FORTALEZA, Brazil // Chelsea defender David Luiz on Tuesday led his Brazil teammates in speaking out in support of mass protests in the country that have overshadowed the start of the Confederations Cup.
Some 250,000 people took to the streets of major cities on Monday (see gallery) to protest against public transport price hikes and the billions of dollars invested in major sporting events at the alleged expense of health and education.
The demonstrations are the biggest Brazil has witnessed in 20 years and come at a time when the country is desperate to prove it is prepared to host events such as the Confederations Cup and next year's World Cup.
Although the protest marches have been largely peaceful, there have been several clashes between protesters and police.
"I'm in favour of demonstrations without violence," Luiz said during a news conference prior to Brazil's match against Mexico in Fortaleza. "Citizens have a right to express their opinions and the fact they're not happy. It's a way of achieving their demands and improving the situation in the country."
Luiz left Brazil to join Portuguese giants Benfica in 2007, before signing for Chelsea four years later, but he says that matters in his homeland remain close to his heart.
"I'm Brazilian, even though I live abroad, and I always hope that Brazil will progress," he said. "The demonstrators are fighting for health and education. We need unity. We hope that we can reach a consensus and that the future will be better. Of course, we're not happy when we see the violence."
Luiz's national teammate Dani Alves, the Barcelona full-back, also gave his backing to the protesters, who are mostly young people.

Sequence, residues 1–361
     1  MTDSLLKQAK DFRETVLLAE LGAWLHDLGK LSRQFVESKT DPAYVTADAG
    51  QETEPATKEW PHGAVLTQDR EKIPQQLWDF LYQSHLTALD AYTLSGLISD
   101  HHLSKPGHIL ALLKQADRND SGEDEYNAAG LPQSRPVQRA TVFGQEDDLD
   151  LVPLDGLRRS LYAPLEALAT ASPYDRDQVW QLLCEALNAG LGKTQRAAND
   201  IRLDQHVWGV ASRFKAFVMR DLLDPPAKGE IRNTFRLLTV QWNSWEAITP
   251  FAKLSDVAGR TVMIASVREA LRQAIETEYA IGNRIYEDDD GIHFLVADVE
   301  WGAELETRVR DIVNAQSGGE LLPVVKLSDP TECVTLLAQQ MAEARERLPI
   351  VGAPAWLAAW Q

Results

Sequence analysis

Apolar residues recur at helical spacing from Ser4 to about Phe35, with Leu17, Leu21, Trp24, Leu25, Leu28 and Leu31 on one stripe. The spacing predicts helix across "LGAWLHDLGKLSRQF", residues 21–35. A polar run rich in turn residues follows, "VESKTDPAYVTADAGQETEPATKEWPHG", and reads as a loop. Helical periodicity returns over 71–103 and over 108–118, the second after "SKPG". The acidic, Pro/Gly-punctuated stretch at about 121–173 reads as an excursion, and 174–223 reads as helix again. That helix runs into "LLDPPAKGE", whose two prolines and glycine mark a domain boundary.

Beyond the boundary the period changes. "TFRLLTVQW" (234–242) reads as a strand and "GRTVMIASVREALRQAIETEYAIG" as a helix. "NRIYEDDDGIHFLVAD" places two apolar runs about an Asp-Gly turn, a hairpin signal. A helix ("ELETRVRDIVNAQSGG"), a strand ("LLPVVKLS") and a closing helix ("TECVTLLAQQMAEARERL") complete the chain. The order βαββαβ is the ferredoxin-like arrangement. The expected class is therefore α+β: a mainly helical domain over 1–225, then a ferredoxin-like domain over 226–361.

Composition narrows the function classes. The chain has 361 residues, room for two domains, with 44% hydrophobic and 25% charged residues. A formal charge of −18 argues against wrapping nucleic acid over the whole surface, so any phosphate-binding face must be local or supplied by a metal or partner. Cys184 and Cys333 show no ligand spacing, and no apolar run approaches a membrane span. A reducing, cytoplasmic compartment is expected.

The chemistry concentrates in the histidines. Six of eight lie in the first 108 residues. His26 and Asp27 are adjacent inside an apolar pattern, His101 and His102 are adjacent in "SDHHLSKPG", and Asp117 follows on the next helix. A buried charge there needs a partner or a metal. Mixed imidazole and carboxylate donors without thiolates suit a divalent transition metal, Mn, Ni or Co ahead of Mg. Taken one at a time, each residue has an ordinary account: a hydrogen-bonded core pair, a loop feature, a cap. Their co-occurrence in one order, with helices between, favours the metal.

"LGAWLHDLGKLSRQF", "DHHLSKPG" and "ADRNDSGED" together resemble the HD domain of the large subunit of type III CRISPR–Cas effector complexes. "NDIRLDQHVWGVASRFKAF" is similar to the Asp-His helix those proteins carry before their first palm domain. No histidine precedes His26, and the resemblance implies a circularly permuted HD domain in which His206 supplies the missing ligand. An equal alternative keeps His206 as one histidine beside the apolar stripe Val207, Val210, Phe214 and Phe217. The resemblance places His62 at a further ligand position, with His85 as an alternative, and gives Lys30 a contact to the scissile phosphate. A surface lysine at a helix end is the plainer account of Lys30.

On his Instagram online photo-sharing account, he posted a picture of a human eye made to resemble the yellow and green national flag, with the motto "Order and Progress" written across the pupil.
"Order and Progress without violence for a better Brazil, a peaceful Brazil, an educated, healthy, honest and happy Brazil," he wrote.
Hulk echoed his colleagues' comments but rejected the notion that the demonstrations represented a protest against the World Cup.
"Today, I have a privileged social position, but I don't forget that I come from a poor background," said the Zenit Saint Petersburg forward, who grew up in the impoverished Nordeste region, where Fortaleza is located. "They are right to protest. What they say and what they hope for is in the right direction. We have to listen to what they say.
"Brazil needs to progress in lots of areas and that's why we support them. We know they're telling the truth."
He added: "It's a triumph for Brazil to have the World Cup. There are millions of people who love football in this country."
Later, striker Fred joined the chorus of support for the protesters, writing on Twitter: "I'm totally in support of the demonstration, as long as it's democratic and peaceful.
"I'm very proud to watch the people fighting to change the standards of public transport, health, education and so many other problems."
He added: "My big concern is that the protest is legitimate, without violence, always focused on the fight for rights without losing perspective.
"Almost anything is justified for a better Brazil – except vandalism."
Brazil coach Luiz Felipe Scolari said the demonstrations "do not interfere" with the squad's work and supported the players' right to express their feelings.
"The players have complete freedom to give their opinion on whatever subject, each of them assuming their own responsibilities, of course," he said. "We don't forbid anything, although you also have to take into account the interests of the national team.
"But it's important that athletes express themselves, because this separation [with the wider world] has ceased to exist."